Donglianghua @ Dali

Half way between Dali and Weishan is a little 800 year old Muslim village called Donglianghua. On my way back from Weishan I decided to catch the small green bus and make a stop at there. I've been exploring dusty, crumbling places for the past week; so I was surprised to see that this place was clean as a whistle and in pristine shape in general.


Weishan @ Dali

Weishan is another ancient village about 50km south of Dali, however easier to get to than say Yunnanyi. You can take the bus directly there and walk from the bus station right into old town. This place has taken a hit from tourism, if Dadgendan Dai is a 1 and Lijiang is 10, then this is at about 4 on the scale of tourist-exploitation. It's an interesting fit because all the streets are pretty stacked with touristy stuff however marketed extremely toward locals, it doesn't have the influence of the lao wai so much yet.

Many of the buildings are marked as historical sites which are open for you to walk in and explore. I talked to some of the people in these and they said they didn't live there, I'm not sure if they actually knew why they were there at all. There is also a tram that goes around the town carrying tourists as far as you want for 1 rmb, I rode this for 15 minutes and did almost a full circle but was surprised that half of the circuit felt very much like new town.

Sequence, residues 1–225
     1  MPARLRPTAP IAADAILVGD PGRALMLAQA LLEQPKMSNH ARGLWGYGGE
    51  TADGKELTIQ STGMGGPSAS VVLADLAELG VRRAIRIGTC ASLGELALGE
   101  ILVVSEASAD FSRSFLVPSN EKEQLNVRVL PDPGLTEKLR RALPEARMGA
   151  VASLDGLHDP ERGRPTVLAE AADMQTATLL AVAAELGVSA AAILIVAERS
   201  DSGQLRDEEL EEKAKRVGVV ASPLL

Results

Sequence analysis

All in all this place was neat but I think it's in an awkward stage of its commercialization, from where it stands now it's only a matter of time before it's more in the Lijiang - Heshan category.


Yunnanyi @ Dali

Yunnanyi is a two thousand year old Bai minority village south east of Dali which isn't lacking historical importance. The name of the entire province was derived from the the name of this town, which in older times was an integral stop between the south and northwest of Yunnan on the Tea and Horse Road.

I spotted this place on the blog Travel Cathay, a great blog documenting less popular attractions in south china. On the blog post were written detailed directions on how to get there from Dali including connections at 3 different bus stations and a ride in a rickshaw. Knowing that few foreigners are interested enough to go through the trouble made me more determined try.